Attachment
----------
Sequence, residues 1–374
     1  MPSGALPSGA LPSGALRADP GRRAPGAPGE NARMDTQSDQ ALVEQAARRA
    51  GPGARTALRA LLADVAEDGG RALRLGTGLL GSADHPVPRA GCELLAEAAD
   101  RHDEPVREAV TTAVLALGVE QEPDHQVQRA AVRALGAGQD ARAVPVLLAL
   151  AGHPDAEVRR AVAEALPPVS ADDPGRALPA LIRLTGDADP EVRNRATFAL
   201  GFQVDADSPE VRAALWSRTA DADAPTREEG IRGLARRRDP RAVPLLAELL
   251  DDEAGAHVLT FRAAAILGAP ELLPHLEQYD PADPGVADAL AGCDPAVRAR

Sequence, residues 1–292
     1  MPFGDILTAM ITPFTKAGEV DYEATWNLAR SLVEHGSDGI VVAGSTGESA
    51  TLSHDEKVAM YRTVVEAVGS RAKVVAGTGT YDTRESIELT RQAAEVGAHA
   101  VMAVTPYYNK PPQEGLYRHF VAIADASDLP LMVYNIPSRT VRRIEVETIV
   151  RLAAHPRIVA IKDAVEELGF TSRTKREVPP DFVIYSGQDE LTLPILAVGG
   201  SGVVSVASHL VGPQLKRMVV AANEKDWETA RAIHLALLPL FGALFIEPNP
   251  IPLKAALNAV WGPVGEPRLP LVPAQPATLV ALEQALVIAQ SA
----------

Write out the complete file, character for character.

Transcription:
Sequence, residues 1–374
     1  MPSGALPSGA LPSGALRADP GRRAPGAPGE NARMDTQSDQ ALVEQAARRA
    51  GPGARTALRA LLADVAEDGG RALRLGTGLL GSADHPVPRA GCELLAEAAD
   101  RHDEPVREAV TTAVLALGVE QEPDHQVQRA AVRALGAGQD ARAVPVLLAL
   151  AGHPDAEVRR AVAEALPPVS ADDPGRALPA LIRLTGDADP EVRNRATFAL
   201  GFQVDADSPE VRAALWSRTA DADAPTREEG IRGLARRRDP RAVPLLAELL
   251  DDEAGAHVLT FRAAAILGAP ELLPHLEQYD PADPGVADAL AGCDPAVRAR

Sequence, residues 1–292
     1  MPFGDILTAM ITPFTKAGEV DYEATWNLAR SLVEHGSDGI VVAGSTGESA
    51  TLSHDEKVAM YRTVVEAVGS RAKVVAGTGT YDTRESIELT RQAAEVGAHA
   101  VMAVTPYYNK PPQEGLYRHF VAIADASDLP LMVYNIPSRT VRRIEVETIV
   151  RLAAHPRIVA IKDAVEELGF TSRTKREVPP DFVIYSGQDE LTLPILAVGG
   201  SGVVSVASHL VGPQLKRMVV AANEKDWETA RAIHLALLPL FGALFIEPNP
   251  IPLKAALNAV WGPVGEPRLP LVPAQPATLV ALEQALVIAQ SA